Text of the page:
Lesson Plan

Making Judgements: Is it True?

In this lesson, students will engage in inquiry, a powerful mindfulness practice to work with judgements about oneself and others.
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Learning Objectives

Students will be able to investigate their thinking and practice inquiry to recognize and understand judgements.

Introduction

(15 minutes)
Comic Book: Using Inquiry
  • Ask students to come together in a circle, either seated in chairs or on the floor.
  • Ask students to come into mindful bodies, and to take a few deep breaths into their bellies. Ask them to envision a frog's throat as they puff their bellies, just like a frog's throat may be puffed out.
  • Guide them to breathe naturally and notice their breath at one point as they breathe. Perhaps they can focus on feeling the breath in their nose, throat, or belly.
  • As the students hold their attention at one point, mention to them that it is normal if their minds wander. If this happens, ask students to slowly bring their attention back to their breath.
  • Tell students that when they notice a thought, they can label it in their mind as "thinking...thinking..." Then, they should gently come back to the feeling of their breath.
  • Pause so students can practice mindfulness.
  • After 2–3 minutes, guide students to take one more full breath into their belly. As they breathe out, ask them to slowly open their eyes.
  • Ask students, "What did you notice? How did you feel?"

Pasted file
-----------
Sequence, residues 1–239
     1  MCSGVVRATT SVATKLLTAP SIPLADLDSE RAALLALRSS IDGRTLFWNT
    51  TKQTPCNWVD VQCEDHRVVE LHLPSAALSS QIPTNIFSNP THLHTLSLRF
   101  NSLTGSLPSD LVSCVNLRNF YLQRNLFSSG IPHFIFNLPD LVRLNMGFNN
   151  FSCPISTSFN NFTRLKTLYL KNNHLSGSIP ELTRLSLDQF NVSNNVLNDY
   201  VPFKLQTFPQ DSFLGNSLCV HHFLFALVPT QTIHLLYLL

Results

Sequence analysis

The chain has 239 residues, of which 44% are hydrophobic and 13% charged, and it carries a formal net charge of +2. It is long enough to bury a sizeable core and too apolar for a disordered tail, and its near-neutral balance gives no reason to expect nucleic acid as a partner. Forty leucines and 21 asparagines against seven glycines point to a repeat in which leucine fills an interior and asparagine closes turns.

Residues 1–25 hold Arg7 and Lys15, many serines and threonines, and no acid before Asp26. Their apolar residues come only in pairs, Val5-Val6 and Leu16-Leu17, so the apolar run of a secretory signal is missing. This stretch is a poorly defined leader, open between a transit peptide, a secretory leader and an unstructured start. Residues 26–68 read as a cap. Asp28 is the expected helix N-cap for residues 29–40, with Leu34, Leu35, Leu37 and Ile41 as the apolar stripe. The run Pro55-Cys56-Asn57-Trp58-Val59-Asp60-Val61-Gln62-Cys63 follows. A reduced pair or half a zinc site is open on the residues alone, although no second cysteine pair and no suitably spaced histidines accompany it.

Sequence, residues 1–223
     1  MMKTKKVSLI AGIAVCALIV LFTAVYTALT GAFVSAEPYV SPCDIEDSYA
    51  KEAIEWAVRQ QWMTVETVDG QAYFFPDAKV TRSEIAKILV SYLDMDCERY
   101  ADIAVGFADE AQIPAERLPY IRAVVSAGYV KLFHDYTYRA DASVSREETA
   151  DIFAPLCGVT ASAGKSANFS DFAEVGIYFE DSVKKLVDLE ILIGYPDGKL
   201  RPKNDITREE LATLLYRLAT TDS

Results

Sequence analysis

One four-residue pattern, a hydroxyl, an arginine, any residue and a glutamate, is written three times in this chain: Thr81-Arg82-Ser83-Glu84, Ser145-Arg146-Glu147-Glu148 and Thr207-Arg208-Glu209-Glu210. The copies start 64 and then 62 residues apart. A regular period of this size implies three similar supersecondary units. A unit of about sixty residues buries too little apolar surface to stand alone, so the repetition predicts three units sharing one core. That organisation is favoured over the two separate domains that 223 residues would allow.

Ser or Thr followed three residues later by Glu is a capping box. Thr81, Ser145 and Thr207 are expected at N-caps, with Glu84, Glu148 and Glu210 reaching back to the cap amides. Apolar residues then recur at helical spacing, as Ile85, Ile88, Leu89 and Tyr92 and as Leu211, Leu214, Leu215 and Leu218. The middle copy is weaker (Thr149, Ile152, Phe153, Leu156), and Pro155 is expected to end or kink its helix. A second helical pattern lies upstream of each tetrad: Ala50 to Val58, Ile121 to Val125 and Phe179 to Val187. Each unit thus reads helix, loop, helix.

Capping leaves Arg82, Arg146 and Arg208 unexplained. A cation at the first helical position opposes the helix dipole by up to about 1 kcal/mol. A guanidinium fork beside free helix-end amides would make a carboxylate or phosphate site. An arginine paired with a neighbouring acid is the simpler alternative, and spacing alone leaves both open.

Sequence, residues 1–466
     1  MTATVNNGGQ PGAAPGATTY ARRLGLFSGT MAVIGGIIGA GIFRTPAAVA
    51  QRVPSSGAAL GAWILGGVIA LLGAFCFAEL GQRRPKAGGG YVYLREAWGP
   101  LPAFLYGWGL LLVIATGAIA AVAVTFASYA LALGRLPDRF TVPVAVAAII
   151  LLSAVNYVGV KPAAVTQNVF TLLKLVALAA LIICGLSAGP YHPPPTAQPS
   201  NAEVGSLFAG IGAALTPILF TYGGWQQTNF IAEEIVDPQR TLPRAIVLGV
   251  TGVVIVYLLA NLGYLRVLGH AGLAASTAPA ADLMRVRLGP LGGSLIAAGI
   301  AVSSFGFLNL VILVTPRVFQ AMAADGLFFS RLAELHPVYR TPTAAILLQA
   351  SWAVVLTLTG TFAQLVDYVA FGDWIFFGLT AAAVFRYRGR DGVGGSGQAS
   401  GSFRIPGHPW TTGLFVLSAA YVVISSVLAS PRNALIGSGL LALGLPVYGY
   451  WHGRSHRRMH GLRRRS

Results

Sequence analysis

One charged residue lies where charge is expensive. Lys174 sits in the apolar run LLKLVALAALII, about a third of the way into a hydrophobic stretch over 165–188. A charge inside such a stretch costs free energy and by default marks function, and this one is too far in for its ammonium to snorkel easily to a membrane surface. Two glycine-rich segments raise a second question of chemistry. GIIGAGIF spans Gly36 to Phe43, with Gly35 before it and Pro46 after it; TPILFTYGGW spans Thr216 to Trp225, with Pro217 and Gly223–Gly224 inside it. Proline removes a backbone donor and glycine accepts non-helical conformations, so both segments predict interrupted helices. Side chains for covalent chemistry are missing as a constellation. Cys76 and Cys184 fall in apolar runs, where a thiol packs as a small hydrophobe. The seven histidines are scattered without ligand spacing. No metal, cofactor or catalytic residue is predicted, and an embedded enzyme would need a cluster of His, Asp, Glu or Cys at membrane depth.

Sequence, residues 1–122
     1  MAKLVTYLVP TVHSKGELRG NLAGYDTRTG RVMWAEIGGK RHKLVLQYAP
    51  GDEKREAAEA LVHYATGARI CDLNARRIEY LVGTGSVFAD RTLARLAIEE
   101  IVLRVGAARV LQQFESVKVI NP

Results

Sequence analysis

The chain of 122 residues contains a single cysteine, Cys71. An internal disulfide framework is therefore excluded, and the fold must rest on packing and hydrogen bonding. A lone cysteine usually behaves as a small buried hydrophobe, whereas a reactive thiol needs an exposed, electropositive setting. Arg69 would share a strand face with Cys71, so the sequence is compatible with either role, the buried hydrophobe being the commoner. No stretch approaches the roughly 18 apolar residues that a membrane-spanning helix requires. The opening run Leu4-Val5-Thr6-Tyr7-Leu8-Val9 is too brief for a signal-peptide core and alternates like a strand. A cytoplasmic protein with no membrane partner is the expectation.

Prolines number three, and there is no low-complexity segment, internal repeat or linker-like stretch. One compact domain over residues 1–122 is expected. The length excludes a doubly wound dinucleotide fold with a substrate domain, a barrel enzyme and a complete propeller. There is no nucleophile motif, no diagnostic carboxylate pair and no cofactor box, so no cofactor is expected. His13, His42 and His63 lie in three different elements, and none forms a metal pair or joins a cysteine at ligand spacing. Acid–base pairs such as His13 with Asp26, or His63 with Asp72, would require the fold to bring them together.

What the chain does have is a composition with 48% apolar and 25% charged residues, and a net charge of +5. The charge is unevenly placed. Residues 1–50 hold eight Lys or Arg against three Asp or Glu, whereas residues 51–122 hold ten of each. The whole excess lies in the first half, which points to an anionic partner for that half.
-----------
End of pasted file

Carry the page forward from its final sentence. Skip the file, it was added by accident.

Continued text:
• Ask students to raise their hands if they noticed thoughts. Ask them to raise their hands if they were able to label their thoughts as "thinking...thinking..."
  • Explain to the class that when we practice mindfulness, we can bring space between us and our thoughts.
  • Ask the class, "What helped bring space between you and your thoughts in the session? Focusing on the breath? Labeling thoughts?"
  • Explain to them that another way to create space around thoughts and beliefs is through inquiry.
  • Ask the class, "Are all of your thoughts true?" Explain that our thoughts are often incorrect.
  • Remind students that mindfulness and inquiry can help us watch our thoughts. Instead of getting caught up in an untrue story, and we can inquire about the thoughts.
  • Write the word "inquiry" on the board, and ask the class what they think it means.
  • Guide them to look at the root word "inquire." Have students reflect on what they think this means.
  • Write the following defintion for inquiry on the board: "To ask questions or investigate."